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Problem: Evaluate $$\int_{0}^{\infty} \dfrac{\sin^3{x}}{x \cdot e^x} dx=\dfrac{A\pi}{B}-\dfrac{\tan^{-1} (C)}{D},$$ My attempt through Differentiation under the Integral Sign: Using $\sin^3x=\frac{3\sin x-\sin 3x}{4}$, we can rewrite the integral as $$ \frac{3}{4}\int_0^\infty \frac{e^{-x}\sin x}{x}\,dx-\frac{1}{4}\int_0^\infty \frac{e^{-x}\sin 3x}{x}\,dx $$ Now, consider $$ I(b)=\int_0^\infty \frac{e^{-x}\sin bx}{x}\,dx\qquad,\qquad\mbox{where}\,\,b>0 $$ Differentiating w.r.t. (b), we have $$ \begin{align} I'(b)&=\int_0^\infty e^{-x}\cos bx\,dx\\ \end{align} $$ Could somebody please show me how to solve this Improper Integral? I tried solving it by using Integration by Parts twice, but for some bizarre reason, I got the value as $0$. $$$$ Please help me. Thanks very much in advance!

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  • $\begingroup$ What are $a,b,c,d$? $\endgroup$ – user223391 May 31 '15 at 16:36
  • $\begingroup$ Oh, that's just the closed form of the Integral. $\endgroup$ – Ishan May 31 '15 at 16:37
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    $\begingroup$ @avid19: it looks like a problem from Brilliant. One is usually supposed to find $a,b,c,d$. $\endgroup$ – Jack D'Aurizio May 31 '15 at 16:38
  • $\begingroup$ Yeah, it is. I failed to solve this one:( $\endgroup$ – Ishan May 31 '15 at 16:39
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Hint. You may just write, for $b \in \mathbb{R}$, $$ \int_0^{\infty}e^{-x}\cos bx\: dx=\Re\int_0^{\infty}e^{-(1+ib)x} dx=\Re\left. \frac{e^{-(1+ib)x}}{-(1+ib)}\right|_0^{\infty}=\frac{1}{1+b^2}. $$ Alternatively, integrating by parts twice: $$ \begin{align} I(b)=\int_0^{\infty}e^{-x}\cos bx\: dx&=\left.-e^{-x}\cos bx\right|_0^{\infty}-b\int_0^{\infty}e^{-x}\sin bx\: dx\\\\ &=1-b\times\left(\left.-e^{-x}\sin bx\right|_0^{\infty}+b\int_0^{\infty}e^{-x}\cos bx\: dx\right)\\\\ &=1-b^2I(b) \end{align} $$ giving $\displaystyle (1+b^2)I(b)=1$ and $$ I(b)=\frac{1}{1+b^2}. $$

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  • $\begingroup$ Sorry Sir, but I don't know how to use complex numbers in Integrals.If it's not too much trouble Sir, could you please suggest a place from where I could learn how to use them? $\endgroup$ – Ishan May 31 '15 at 16:43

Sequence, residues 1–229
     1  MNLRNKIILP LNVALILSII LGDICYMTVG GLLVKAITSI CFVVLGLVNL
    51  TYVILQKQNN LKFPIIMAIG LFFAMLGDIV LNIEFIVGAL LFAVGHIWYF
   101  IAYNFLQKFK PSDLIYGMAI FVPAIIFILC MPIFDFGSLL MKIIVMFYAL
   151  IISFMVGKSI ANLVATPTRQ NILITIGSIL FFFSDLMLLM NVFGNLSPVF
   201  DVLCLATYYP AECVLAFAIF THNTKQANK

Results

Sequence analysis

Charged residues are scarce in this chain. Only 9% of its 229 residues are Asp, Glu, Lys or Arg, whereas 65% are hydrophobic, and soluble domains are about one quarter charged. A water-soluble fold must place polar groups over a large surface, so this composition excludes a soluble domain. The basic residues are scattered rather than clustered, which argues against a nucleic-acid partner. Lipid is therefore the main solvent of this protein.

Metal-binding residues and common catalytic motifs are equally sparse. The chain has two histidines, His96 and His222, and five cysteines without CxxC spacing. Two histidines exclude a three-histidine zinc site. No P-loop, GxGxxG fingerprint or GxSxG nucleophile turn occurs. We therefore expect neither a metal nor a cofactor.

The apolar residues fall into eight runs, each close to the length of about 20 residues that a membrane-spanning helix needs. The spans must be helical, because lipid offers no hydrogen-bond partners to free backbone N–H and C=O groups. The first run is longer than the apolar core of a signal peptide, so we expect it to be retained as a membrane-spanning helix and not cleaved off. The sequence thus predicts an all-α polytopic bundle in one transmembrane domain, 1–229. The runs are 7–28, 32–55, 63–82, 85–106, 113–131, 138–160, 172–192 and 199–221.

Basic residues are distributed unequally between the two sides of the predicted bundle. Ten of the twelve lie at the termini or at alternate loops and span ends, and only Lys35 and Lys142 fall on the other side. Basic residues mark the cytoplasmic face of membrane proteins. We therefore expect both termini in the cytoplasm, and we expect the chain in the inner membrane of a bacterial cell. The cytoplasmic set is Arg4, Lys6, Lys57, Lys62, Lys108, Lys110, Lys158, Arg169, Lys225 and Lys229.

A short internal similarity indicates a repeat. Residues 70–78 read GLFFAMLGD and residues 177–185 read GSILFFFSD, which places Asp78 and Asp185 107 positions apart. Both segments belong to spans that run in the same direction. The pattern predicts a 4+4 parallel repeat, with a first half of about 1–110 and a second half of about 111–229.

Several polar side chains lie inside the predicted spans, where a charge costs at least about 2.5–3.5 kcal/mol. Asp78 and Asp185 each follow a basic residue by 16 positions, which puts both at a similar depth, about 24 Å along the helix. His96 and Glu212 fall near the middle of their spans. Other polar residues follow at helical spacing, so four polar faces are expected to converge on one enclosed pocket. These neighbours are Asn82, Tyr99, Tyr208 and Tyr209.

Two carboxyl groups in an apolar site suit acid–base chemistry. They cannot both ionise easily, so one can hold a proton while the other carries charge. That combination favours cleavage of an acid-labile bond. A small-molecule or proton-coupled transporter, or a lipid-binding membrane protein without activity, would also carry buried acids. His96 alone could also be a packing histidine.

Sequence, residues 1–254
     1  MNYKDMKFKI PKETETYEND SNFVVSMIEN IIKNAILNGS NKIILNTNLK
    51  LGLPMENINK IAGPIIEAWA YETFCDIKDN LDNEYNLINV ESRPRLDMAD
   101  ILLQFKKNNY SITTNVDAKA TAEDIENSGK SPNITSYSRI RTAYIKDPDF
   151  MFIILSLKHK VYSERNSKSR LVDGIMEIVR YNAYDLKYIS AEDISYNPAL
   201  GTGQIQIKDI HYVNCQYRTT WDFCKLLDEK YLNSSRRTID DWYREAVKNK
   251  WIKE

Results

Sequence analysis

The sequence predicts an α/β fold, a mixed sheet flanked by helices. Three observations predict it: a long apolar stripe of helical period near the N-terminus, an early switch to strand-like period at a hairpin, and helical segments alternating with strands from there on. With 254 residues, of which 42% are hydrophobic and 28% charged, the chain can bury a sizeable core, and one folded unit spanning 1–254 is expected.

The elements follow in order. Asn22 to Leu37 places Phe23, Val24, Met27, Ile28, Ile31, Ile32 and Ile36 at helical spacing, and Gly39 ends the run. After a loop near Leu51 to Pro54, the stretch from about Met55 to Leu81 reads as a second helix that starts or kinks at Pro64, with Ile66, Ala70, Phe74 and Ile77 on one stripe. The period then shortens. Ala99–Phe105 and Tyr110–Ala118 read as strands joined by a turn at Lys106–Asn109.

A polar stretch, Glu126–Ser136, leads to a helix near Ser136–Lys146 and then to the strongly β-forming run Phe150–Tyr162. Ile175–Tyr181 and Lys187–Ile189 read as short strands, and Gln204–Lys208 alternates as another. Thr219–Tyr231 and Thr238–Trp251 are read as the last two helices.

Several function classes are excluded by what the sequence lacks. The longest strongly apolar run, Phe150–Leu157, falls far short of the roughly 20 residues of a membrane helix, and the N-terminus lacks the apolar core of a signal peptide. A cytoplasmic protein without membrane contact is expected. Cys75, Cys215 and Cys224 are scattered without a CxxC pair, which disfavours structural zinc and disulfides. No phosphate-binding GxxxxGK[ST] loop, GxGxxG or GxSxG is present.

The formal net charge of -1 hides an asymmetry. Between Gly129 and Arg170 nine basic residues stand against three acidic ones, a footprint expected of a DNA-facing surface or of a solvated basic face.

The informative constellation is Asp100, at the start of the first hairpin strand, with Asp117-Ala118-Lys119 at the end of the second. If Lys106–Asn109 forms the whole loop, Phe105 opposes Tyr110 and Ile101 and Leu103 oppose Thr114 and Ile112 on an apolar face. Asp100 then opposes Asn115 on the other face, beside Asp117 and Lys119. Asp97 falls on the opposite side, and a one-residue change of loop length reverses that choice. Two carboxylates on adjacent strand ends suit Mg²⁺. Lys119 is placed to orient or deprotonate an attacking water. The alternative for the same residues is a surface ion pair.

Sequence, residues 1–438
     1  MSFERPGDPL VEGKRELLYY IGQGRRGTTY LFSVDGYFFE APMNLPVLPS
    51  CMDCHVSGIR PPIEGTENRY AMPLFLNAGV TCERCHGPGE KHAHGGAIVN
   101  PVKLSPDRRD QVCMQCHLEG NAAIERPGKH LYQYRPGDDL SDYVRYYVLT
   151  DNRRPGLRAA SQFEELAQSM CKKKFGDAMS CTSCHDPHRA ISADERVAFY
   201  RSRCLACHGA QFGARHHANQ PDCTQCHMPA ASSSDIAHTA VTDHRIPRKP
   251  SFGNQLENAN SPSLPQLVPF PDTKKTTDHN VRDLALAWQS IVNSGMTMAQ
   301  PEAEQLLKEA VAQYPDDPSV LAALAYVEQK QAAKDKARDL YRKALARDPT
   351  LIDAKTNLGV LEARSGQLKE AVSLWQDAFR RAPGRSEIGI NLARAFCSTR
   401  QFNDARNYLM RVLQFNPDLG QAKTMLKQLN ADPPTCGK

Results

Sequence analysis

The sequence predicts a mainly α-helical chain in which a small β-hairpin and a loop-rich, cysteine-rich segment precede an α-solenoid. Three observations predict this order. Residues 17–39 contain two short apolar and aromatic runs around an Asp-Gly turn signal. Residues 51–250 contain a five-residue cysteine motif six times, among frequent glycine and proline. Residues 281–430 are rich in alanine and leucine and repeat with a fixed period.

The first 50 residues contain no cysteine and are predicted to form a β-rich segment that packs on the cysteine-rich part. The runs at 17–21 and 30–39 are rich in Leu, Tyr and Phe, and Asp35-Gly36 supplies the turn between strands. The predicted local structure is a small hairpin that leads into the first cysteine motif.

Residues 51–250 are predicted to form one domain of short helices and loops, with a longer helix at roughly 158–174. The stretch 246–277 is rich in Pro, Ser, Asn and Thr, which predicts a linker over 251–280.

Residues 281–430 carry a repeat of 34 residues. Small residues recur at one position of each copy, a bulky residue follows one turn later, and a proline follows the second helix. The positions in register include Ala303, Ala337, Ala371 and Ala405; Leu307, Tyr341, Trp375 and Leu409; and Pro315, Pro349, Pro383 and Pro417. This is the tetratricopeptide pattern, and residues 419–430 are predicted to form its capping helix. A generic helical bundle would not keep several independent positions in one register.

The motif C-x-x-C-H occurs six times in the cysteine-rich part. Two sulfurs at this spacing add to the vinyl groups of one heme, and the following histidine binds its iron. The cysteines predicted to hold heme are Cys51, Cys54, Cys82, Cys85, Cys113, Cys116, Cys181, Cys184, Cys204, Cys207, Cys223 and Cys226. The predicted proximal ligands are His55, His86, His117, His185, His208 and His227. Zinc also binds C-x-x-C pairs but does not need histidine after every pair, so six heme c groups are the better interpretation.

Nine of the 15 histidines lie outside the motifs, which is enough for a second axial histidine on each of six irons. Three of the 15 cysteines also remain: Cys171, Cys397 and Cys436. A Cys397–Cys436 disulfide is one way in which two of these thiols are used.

• $\begingroup$ Sir, could this Improper Integral be done using Integration by Parts, please? $\endgroup$ – Ishan May 31 '15 at 16:44
  • $\begingroup$ @BetterWorld By parts? yes. I will edit my answer. Thanks. $\endgroup$ – Olivier Oloa May 31 '15 at 16:45
  • $\begingroup$ @BetterWorld Done. Hoping it is OK for you now :) $\endgroup$ – Olivier Oloa May 31 '15 at 16:51
  • $\begingroup$ Sir, if it's not too much trouble, could you just explain one last thing, Sir? Sir, how do we evaluate $$-e^{-x}\cos bx|_0^{\infty}$$ and $$-e^{-x}\sin bx|_0^{\infty}$$ I had thought it was through this method. $\endgroup$ – Ishan May 31 '15 at 16:57
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We may use: $$ \int_{0}^{+\infty}\frac{f(x)}{x\,e^{x}}\,dx = \int_{1}^{+\infty}(\mathcal{L}\,f)(t)\,dt \tag{1}$$ so we just need to find the Laplace transform of $\sin^3(x)$.

Pretty easy task through the triplication formulas, since $\mathcal{L}(\sin x)=\frac{1}{1+t^2}$ implies: $$ \mathcal{L}(\sin^3 x) = \frac{3}{4}\left(\frac{1}{t^2+1}-\frac{1}{t^2+9}\right)=\frac{6}{(1+t^2)(9+t^2)}\tag{2}$$ then: $$ \int_{0}^{+\infty}\frac{\sin^3 x}{x\,e^{x}}\,dx = \frac{3\pi}{16}-\frac{3}{4}\int_{1}^{+\infty}\frac{dt}{t^2+9}=\color{red}{\frac{3\pi}{16}-\frac{\arctan 3}{4}}.\tag{3}$$

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  • $\begingroup$ Again Sir, I'm really sorry Sir, but due to my exceedingly limited knowledge, I don't know Laplace transforms. Actually, I learn Integration for fun (according to my course of Education here in India, I'm to start Integration officially only next November). Really sorry Sir for having troubled you. $\endgroup$ – Ishan May 31 '15 at 16:50
  • $\begingroup$ @BetterWorld: I hope you just need the definition. With a little digging into Wikipedia, it won't be difficult to prove $(1)$. The Laplace transform of a function $f(x)$ is defined as: $$(\mathcal{L} f)(s)=\int_{0}^{+\infty} f(x)\, e^{-sx}\,dx.$$ $\endgroup$ – Jack D'Aurizio May 31 '15 at 16:52
  • $\begingroup$ Alright Sir. Thanks a lot! $\endgroup$ – Ishan May 31 '15 at 17:38

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